The Fight to Modernize the Rural Health Clinics Program

Nathan Baugh, Director of Government Affairs


The Fight to Modernize the Rural Health Clinics Program

As I hope you are all aware, we are working extremely hard to pass the Rural Health Clinic Modernization Act through Congress. This legislation will modernize outdated RHC rules and raise the cap or upper payment limit on Medicare reimbursement for rural health clinics.


When the Rural Health Clinic Services Act was signed into law by President Jimmy Carter in 1977, the world was a dramatically different place.


In 1977, Star Wars first premiered, the average house cost $49,300, and Apple Computers launched the Apple II.


In 1977, hospitals still received “cost-plus” reimbursement from Medicare while the Physician Assistant and Nurse Practitioner professions were still in their infancy not yet recognized by Medicare.


In 1977, the average page length of a Congressional bill was 8.5 pages. The Rural Health Clinic Services Act itself, is only 7 pages long. 


I can go on, but you get the point. While the world has changed, the laws governing the rural health clinic program have not kept up.


Unfortunately, the legislative realities of 2019 mean that the Rural Health Clinic Modernization Act, (H.R. 2788, S. 1037) has no chance of being signed into law ~ at least by itself. Instead, the path forward for us involves being included in a larger “must-pass” legislative package. These so-called “must-pass” bills are necessary to keep the very basics of the government operational.


For instance, Congress must pass a debt ceiling increase in September in order to avoid defaulting on our spending obligations. Congress must also pass FY 2020 appropriations bills before October 1st to avoid a government shutdown. Furthermore, there are several federal healthcare programs that are set to expire this year such as the National Health Service Corps unless Congress extends their funding.


These bills could be split apart and passed independently or packaged together in an “omnibus” style bill. Those legislative decisions will be made by Congress and are above our paygrade. However, all these items (debt ceiling, government funding, healthcare extenders) must be addressed via legislation this fall and therefore represent opportunities for us to pass the Rural Health Clinic Modernization Act.


Since introduction, the Rural Health Clinic Modernization Act has earned 13 cosponsors in the House and 4 cosponsors in the Senate. While this is a good start, and it took a lot of work to get to this point, we simply need more. Every additional cosponsor we get in Congress, the better chance we have at ultimately passing the legislation. Cosponsorship sends a clear message not only to the public, but also to Congressional leadership that this issue, is popular and worth addressing as a part of the must-pass package or packages they are negotiating.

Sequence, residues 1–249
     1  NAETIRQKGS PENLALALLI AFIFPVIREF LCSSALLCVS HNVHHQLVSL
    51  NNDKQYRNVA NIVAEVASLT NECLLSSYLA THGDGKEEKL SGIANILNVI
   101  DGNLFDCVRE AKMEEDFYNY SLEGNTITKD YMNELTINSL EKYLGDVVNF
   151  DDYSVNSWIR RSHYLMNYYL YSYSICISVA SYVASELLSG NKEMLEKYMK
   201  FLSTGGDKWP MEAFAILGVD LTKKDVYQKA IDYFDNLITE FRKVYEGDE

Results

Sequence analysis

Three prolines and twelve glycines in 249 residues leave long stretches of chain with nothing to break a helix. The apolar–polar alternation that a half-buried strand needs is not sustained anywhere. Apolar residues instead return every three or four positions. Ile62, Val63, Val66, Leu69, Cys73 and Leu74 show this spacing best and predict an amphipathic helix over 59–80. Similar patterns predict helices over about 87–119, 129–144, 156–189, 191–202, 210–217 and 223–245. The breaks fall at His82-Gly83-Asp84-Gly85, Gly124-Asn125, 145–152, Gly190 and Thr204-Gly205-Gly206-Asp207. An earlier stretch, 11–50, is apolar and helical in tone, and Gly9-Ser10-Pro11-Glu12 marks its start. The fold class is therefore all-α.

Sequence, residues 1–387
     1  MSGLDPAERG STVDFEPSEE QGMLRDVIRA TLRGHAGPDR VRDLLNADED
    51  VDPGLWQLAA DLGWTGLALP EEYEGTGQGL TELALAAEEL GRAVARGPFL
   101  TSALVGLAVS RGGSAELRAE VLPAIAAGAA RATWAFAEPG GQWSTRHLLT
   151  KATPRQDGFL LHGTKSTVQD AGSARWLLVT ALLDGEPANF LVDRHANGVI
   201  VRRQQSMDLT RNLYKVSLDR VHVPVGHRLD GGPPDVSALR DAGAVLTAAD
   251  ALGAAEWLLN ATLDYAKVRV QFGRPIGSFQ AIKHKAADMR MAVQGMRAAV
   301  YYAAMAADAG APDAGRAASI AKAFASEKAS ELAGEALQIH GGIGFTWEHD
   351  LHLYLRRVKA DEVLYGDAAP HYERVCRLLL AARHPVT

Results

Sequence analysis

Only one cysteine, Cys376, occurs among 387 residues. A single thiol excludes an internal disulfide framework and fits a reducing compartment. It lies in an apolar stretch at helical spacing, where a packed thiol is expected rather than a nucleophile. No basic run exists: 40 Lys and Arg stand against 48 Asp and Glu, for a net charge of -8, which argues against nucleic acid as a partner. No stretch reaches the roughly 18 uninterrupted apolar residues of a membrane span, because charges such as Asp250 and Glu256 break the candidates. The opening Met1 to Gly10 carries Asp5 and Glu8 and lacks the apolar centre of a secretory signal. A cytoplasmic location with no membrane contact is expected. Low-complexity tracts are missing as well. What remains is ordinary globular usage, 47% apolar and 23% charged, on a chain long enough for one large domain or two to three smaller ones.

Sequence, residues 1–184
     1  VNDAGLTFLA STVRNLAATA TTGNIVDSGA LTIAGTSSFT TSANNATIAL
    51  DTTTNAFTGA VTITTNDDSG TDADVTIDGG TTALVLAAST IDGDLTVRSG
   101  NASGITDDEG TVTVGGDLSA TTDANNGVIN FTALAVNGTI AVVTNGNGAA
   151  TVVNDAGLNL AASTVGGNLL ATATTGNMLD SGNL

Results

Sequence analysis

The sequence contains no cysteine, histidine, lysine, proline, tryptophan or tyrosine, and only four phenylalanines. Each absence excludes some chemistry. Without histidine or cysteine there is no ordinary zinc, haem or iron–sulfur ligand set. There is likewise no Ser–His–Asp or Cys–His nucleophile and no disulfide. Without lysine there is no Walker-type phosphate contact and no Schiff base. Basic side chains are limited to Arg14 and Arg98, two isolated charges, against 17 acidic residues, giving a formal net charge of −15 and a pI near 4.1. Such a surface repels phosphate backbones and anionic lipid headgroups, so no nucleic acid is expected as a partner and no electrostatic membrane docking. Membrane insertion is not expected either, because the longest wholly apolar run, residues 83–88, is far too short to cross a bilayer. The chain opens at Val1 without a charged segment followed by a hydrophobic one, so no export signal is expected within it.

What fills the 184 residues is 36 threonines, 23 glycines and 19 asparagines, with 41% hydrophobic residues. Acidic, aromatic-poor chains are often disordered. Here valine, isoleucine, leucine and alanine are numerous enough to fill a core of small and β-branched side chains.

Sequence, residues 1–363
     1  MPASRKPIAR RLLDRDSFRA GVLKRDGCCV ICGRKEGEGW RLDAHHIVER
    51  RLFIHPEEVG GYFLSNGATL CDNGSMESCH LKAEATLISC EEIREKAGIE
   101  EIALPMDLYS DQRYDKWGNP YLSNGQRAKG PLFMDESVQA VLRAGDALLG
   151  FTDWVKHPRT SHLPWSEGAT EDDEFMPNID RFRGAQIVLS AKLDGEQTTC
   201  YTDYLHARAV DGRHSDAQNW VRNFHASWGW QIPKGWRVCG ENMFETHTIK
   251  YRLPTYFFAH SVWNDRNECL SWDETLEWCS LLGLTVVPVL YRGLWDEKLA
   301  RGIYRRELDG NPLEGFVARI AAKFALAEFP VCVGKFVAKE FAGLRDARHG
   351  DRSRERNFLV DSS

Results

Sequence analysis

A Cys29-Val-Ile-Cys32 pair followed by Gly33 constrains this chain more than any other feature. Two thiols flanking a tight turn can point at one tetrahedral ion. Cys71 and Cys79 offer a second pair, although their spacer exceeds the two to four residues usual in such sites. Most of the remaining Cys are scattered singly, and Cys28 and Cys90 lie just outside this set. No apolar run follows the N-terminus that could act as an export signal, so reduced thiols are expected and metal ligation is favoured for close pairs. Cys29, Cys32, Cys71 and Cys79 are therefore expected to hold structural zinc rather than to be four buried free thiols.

There is a perception, particularly in times of divided government, that Washington D.C. is frozen in partisan gridlock and not actually doing anything. Like most political things, the reality is more nuanced. There are certain issues, typically headline issues, wherein partisan gridlock absolutely does paralyze political action for better or for worse. However, there are also a plethora of under-the-surface issues that are being worked on by members of both parties in Washington D.C. These may not garner as many headlines, but laws of real consequence to the American public are passed and signed into law more often than it may seem.  


I am not trying to convince you that Congress is in fact doing a good job or vice versa. I am only trying to point out that significant changes in policy can and do occur even in the midst of seemingly endless gridlock. We hope that one of these under-the-surface policy changes will be the modernization of the rural health clinic program.


If we are to succeed, we need to continue to build grassroots support for the legislation. I would like to thank everyone who has already contacted their Representative or Senator and implore those of you who have not yet sent email, to please do so. NARHC cannot be the only entity pushing for this legislation if we want this to pass. Politicians want to know that what they are doing will make their constituents happy and only you, the RHC community, will we be able to demonstrate that. 


For those of you who want to learn more or learn how you can help, we have all the resources you need to advocate for the Rural Health Clinic Modernization Act on this webpage:


Nathan Baugh

Director of Government Affairs

National Association of Rural Health Clinics